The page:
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Federal Highway Administrator (FHWA) Victor Mendez joined state and local officials Dec. 2 to open six miles of eastbound SR 91, which was widened to reduce traffic congestion and improve safety. The $65 million project relied on $47.9 million from the American Recovery and Reinvestment Act (ARRA), better known as “the stimulus.”
“Widening SR 91 created jobs, reduced traffic congestion and improved quality of life for the hundreds of thousands who rely on this route every day,” said U.S. Transportation Secretary Ray LaHood in a written press statement. “This is what the Recovery Act is all about.”
Construction on the project began in November 2009 and involved adding a lane to eastbound SR 91 and widening its existing two lanes and shoulders. As a result, the six miles between the SR 241 toll road and the SR 71 near Corona will be safer due to improved traffic flow.
SR 91 is the only freeway connecting Orange and Riverside Counties and is an economic lifeline for the area. An estimated 300,000 daily drivers now rely on the route, but that number is expected to climb to 425,000 over the next 20 years. It is also a key commercial corridor because of its access to the Ports of Long Beach and Los Angeles, the nation’s largest port operation.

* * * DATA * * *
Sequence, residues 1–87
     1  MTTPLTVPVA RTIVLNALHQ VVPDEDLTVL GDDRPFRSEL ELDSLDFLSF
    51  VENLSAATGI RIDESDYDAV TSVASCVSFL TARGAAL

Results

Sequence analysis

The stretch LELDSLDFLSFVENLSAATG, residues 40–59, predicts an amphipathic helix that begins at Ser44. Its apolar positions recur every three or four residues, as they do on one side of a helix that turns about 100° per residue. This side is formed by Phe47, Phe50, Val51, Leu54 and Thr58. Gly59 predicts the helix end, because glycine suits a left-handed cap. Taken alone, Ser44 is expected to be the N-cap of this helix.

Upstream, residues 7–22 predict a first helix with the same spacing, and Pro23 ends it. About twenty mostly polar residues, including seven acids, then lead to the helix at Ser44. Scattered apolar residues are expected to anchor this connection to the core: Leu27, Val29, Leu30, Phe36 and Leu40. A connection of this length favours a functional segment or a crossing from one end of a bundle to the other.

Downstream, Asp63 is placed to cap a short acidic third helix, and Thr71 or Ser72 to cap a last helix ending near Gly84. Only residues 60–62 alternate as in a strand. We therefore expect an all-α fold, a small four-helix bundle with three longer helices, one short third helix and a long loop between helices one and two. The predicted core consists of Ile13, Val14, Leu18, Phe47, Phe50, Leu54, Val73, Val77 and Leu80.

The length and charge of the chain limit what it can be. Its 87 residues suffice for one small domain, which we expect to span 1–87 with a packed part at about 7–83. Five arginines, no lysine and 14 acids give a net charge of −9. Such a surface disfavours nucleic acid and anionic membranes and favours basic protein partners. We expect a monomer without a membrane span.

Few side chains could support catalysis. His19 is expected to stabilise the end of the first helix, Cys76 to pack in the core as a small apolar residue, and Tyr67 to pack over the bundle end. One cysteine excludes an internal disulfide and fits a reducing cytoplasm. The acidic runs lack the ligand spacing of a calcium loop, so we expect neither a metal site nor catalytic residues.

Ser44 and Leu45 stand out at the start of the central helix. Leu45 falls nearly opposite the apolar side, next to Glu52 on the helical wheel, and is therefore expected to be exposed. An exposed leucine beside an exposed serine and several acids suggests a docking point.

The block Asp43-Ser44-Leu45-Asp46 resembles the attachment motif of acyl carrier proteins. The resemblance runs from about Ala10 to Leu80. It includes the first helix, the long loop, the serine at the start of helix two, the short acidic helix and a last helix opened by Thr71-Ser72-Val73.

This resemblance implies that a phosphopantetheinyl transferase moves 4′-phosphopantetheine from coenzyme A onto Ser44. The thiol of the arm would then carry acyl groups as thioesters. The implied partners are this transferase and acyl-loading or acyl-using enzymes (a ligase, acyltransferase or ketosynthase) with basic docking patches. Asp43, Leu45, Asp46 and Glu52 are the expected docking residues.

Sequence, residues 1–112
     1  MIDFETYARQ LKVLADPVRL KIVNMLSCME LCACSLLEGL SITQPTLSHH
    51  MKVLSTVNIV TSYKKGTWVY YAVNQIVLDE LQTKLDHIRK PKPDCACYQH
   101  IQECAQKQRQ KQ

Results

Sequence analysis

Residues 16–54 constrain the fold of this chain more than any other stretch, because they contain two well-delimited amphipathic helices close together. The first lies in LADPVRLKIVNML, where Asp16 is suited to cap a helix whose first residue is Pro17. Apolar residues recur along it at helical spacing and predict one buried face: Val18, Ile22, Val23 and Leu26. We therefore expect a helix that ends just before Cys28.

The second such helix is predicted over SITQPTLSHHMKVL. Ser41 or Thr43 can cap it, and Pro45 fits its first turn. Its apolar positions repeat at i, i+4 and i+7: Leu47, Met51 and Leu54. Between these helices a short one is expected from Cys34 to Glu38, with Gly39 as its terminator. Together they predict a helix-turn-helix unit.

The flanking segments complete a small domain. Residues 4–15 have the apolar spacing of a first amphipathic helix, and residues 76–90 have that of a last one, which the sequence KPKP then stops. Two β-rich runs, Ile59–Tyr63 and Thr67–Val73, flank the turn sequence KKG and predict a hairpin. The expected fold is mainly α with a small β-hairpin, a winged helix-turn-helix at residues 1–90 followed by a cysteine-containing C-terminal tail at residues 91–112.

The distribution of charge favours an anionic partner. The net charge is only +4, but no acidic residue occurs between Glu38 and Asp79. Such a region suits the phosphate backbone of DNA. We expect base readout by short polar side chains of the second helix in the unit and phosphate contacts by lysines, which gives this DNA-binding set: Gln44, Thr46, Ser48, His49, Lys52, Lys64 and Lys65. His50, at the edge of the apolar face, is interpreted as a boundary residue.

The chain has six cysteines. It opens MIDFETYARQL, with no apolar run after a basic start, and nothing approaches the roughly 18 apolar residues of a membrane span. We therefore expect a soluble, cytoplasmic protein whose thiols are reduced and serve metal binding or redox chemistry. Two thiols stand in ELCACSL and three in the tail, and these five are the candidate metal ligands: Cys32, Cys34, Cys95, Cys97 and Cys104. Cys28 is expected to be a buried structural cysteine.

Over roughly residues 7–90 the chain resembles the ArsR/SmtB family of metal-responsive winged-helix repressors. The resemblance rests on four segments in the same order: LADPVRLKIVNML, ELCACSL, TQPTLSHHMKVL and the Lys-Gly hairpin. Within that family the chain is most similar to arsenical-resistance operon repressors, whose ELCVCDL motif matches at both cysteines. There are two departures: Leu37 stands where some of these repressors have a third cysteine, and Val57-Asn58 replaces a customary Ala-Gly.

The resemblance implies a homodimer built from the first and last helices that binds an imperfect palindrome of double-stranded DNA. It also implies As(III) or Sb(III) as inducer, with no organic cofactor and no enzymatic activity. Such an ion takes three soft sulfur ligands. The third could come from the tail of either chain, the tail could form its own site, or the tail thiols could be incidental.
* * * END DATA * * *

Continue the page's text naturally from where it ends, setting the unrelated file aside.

“The traffic tie-ups on this section of SR 91 near Coal Creek are legendary,” said Mendez. “Solving this problem and keeping it on schedule and on budget will give time back to area residents so they can spend that time doing things they enjoy instead of spending it in their cars.”
Of the more than $26.6 billion in ARRA highway funds available nationwide, California received nearly $2.6 billion – and more than $4 billion in ARRA funding for all transportation projects.